Our osteopaths use many techniques and approaches in their treatment. Treatment choice depends on the presenting problem, the level of pain and the physical build of the person being treated.
Osteopathy is not prescriptive; techniques are applied depending on what is needed and what is trying to be achieved.
Often treatment requires soft-tissue techniques; a gentle massage applied to specific muscles to improve blood flow and drainage from those tissues. This may be combined with articulation, where a restricted joint may be rhythmically moved to achieve a greater range of movement. Occasionally a small but very fast impulse may be put through a joint (high-velocity low amplitude thrust) and a small click may be heard.
Osteopathy aims to work within the pain-free range. Treatment should not hurt, but if you have had a problem for a while you may feel a bit sore afterwards. This usually resolves within a day or two and you should feel a lot better.
Physical problems we treat
The list of conditions below is by no means exhaustive. If you would like to know whether a condition could be helped with osteopathic treatment, do not hesitate to contact us.
Back pain is common; affecting one in five adults within their lifetime. It can be debilitating, particularly when it involves nerves.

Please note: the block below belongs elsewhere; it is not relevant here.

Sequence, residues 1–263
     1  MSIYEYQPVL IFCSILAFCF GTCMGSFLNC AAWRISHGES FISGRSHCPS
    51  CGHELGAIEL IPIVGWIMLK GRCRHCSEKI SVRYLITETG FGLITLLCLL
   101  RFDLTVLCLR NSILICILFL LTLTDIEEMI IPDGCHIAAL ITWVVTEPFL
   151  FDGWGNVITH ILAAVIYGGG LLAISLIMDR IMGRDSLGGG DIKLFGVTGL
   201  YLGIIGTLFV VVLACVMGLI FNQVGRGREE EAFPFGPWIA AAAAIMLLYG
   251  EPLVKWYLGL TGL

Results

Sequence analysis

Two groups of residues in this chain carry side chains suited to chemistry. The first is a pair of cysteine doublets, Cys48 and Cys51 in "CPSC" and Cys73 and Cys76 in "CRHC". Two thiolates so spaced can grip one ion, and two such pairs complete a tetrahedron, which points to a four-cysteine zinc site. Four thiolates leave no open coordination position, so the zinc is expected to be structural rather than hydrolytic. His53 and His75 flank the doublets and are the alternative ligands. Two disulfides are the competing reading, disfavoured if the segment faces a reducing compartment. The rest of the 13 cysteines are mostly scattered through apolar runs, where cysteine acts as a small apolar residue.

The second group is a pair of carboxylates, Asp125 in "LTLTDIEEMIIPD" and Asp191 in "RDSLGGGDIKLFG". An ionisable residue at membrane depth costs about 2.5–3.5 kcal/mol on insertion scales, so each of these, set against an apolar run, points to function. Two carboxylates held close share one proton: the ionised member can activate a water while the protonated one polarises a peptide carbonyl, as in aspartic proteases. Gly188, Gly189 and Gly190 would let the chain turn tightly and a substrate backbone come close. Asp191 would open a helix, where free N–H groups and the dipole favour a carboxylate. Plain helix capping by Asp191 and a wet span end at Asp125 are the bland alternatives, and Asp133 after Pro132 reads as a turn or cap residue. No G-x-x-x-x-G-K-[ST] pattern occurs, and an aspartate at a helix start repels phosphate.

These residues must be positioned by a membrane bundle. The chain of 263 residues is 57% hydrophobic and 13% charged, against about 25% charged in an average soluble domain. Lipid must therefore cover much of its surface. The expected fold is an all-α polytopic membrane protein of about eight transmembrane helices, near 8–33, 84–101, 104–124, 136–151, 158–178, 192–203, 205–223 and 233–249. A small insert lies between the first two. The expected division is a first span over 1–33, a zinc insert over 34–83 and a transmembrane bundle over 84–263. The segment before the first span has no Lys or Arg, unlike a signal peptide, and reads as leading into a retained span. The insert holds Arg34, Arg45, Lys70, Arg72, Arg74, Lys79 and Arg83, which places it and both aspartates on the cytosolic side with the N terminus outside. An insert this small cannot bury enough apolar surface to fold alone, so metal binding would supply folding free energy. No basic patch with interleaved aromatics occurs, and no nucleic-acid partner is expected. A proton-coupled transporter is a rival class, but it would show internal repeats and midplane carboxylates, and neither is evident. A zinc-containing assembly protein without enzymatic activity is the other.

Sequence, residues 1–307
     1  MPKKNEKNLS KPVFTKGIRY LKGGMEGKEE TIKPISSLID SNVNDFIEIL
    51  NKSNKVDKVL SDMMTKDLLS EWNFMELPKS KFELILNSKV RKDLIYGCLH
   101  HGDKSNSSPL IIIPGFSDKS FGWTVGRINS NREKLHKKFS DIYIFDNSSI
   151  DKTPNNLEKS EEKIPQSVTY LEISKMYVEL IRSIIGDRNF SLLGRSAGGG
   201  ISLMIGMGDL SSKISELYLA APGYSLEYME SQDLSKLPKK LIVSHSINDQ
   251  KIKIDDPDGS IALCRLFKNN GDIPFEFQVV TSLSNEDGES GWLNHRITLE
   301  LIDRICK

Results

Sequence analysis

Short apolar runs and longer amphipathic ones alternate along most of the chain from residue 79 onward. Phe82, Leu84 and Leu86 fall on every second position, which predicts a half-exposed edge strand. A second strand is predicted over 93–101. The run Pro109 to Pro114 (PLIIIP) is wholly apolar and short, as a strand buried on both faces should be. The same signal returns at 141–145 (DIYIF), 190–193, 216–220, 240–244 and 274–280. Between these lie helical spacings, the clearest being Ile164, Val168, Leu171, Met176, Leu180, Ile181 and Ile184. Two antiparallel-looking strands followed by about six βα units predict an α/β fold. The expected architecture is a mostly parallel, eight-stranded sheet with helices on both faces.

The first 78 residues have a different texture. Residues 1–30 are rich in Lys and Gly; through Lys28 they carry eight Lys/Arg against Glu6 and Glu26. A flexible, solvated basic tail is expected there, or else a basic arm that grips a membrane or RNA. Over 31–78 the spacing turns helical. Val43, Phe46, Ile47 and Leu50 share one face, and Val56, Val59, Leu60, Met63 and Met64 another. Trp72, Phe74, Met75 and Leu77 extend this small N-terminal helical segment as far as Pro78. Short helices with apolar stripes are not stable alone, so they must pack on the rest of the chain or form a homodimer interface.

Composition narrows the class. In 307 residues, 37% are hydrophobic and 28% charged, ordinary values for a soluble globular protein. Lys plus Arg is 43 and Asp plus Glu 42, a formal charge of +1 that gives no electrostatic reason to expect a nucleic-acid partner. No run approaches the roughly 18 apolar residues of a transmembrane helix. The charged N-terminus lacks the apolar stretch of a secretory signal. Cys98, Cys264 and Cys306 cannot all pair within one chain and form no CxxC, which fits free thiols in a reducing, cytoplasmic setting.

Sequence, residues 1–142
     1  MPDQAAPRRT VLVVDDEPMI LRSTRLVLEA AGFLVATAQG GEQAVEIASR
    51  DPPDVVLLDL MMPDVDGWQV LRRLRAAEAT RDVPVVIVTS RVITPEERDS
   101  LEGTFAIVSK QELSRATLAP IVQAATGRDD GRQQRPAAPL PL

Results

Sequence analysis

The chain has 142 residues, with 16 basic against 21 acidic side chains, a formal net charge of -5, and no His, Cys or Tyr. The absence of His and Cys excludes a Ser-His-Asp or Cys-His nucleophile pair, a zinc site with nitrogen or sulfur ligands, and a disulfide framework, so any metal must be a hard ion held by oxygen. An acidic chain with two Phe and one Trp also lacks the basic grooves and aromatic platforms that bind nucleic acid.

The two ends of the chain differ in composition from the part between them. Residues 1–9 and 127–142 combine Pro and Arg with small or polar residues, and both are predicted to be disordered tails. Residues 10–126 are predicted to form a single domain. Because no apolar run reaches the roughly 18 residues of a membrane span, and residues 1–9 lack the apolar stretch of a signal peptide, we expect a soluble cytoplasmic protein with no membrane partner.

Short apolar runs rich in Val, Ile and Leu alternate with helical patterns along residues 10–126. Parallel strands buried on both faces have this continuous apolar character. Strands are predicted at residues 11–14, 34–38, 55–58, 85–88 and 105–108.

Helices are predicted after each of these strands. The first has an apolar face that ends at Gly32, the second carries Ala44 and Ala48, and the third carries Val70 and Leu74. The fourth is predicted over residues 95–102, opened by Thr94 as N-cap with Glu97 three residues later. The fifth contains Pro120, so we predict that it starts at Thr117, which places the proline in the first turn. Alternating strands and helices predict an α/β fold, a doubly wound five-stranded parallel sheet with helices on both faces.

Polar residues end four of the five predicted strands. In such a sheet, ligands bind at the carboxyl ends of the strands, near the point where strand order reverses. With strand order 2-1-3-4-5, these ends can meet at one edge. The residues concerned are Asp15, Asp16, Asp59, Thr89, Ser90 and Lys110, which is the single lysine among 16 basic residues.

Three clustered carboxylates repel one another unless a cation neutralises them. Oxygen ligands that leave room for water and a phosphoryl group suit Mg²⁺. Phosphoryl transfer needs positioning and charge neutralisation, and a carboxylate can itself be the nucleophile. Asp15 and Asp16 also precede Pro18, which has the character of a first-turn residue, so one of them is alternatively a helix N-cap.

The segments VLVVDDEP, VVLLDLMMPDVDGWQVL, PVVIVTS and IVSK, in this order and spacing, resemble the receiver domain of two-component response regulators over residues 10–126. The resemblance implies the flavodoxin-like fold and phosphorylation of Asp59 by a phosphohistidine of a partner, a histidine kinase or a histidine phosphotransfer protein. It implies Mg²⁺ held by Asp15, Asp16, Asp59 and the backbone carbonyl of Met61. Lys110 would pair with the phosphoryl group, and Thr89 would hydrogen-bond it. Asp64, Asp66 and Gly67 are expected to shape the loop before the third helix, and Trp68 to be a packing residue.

Neck pain (with or without headache) often occurs as a result of poor posture and is very common in people who work at a desk.
Because the neck is densely packed, muscle tightness in this area can cause gentle pressure on the nerves. This can send pain / pins and needles into the arms and, in some cases, into the face.
Joint pain, such as ‘tennis elbow’, includes arms, legs, fingers and toes. Osteopaths often prescribe strengthening exercises to arthritic joints in addition to the movement and massage involved in treatment.
Nerve pain, such as ‘sciatica’, causes sensations such as ‘pins and needles’, sharp stabbing pain or a throbbing ache. Sometimes it may feel like your skin is numb or extremely sensitive – like a graze. Often it is the inflammation around the nerves that is causing this pain.
Sports injuries can be both traumatic and chronic and are often related to the repetitive movement and joint loading.